Driving in a Flattened World

It occurred to me the other day after purchasing a new vehicle

that the world just continues to flatten in interesting little ways. It is interesting how once you have read Thomas Friedman’s The World is Flat: A Brief History of the 21st Century, you begin seeing little examples of his main points all over the place. Actually- what is really happening is as simple as me making continual connections to what I have read. OK, confession time: I didn’t really read it. But I certainly did listen to it. Twice.

This new auto purchase was a fun one. As a second car for around-the-town driving, we bought a 2008 Scion xB. The purchase experience on this one was interesting. These cars arrive at the dealership differing only in color. The purchaser is then free to choose from a plethora of options and add-ons to customize the car. I added a ton of things, including leather interior, which wasn’t even a dealer option for this car. Looks great, doesn’t it?

Sure, you can buy a new Scion xB for less than seventeen thousand. Once you add fancy wheels, tires, leather, spoiler, etc., you end up with a car that costs a bit more. However, what struck me as most interesting yesterday deals with what you do get for $17,000. It is important to note that this car is aimed at the 20-something market. So that either makes me hip and with it, or pathetic. Im really not too concerned which. This car makes too much sense. With one fifteen-month-old and another on the way, we need a car that is really easy to get into and out of kiddie seats. It also fits a ton of stuff in the back even with kiddies in the back seat

You be thinking, “get a minivan idiot”. This is where I stop you. We won’t be making a purchase like that for two reasons. One: I care a bit more about design and aesthetics than that. And two: I refuse to buy a car that gets less than 30 MPG on the highway. Rolling around in giant roomy vehicles that burn gas at irresponsible levels is just not something that makes me feel like a big boy. “Then buy a hybrid, Mr. Green“, you say. And I say hold on there one minute turbo. This is a compromise. I’ll let others pay the extra $$ to get in on the beginning of that technology. I already spend enough extra being an early adopter of computer & communications gadgetry.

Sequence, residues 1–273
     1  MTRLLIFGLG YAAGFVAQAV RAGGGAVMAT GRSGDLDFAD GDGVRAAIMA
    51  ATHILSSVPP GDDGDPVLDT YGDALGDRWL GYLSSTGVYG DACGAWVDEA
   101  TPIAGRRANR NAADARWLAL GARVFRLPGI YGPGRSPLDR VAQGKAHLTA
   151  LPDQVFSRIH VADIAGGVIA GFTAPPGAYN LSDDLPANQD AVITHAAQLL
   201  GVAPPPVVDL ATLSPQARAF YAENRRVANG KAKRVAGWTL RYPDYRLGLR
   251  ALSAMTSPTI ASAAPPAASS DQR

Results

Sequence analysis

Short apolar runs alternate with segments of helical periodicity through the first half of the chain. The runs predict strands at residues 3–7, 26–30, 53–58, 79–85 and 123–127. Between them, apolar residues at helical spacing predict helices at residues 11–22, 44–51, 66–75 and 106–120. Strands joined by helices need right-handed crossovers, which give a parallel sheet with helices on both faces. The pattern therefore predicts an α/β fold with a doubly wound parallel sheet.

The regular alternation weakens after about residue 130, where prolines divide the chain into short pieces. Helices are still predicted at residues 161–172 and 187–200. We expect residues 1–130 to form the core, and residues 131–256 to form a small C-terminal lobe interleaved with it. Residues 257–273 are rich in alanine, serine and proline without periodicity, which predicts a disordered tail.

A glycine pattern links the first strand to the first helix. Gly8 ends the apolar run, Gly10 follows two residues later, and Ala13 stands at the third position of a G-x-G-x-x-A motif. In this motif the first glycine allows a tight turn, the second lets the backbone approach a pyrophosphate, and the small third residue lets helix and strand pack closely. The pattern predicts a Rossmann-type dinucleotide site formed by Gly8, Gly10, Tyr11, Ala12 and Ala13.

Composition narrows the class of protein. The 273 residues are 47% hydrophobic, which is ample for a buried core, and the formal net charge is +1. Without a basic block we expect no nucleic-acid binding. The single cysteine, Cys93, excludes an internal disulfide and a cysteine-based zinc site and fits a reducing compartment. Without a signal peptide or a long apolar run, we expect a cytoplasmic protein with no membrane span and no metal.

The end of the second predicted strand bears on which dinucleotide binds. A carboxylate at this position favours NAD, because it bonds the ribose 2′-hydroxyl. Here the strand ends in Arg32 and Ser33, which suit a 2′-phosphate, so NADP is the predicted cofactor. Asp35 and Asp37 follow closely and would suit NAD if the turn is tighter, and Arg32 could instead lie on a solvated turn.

So how does all of this car mumbo jumbo bring about the flat world reference? To steal a line from Daniel Tosh, “hold on… I’ll feed you baby birds”.

This relatively cheap vehicle ships with one very interesting little piece of standard technology. All Scion vehicles (made by Toyota) ship with full iPod integration standard. This means that even someone rolling out of the dealership without one single added option will roll out able to snap their iPod into the stereo in less than about two seconds. I have used my iPod in the car for about the past three years now. However, this was achieved through the connection of an FM transmitter which allowed me to play the outgoing iPod signal on my FM stereo. The negatives of that setup are pretty well documented.

In the Scion, once you plug the iPod in, you never again touch it. The controls on the dash, as well as on the steering wheel itself, run the iPod remotely. The Scions are certainly not the first cars to feature full iPod integration, though I would bet they just might be the cheapest that do. The first car in which I remember seeing iPod integration was a BMW. Finally we see connectivity for the masses.

What this means is that not only do you get to cruise along listening to whatever tunes you have stuffed inside your little iPod, but you also bring along podcasts and audiobooks. This is where my geek will stick out like a sore thumb, but what this turns the xB into is a rolling, integrated learning tool. Even in trips across town for groceries you can take in a 60 Second Science Podcast!

So no… I didn’t read Friedman’s book. My wife (and baby) and I listened in the car on the way to a Minnesota fishing trip last summer. However, once I sat in this new car, I felt compelled to run The World is Flat over the stereo once again.

Sean Nash

Biology teacher in the great state of Kansas. Back at it in the classroom after a 30-year career in Missouri. Former District Curriculum Administrator, Instructional Technology Coordinator, and Instructional Coach. Biology instructor since 1993. Find more about my passions and my work at http://nashworld.me

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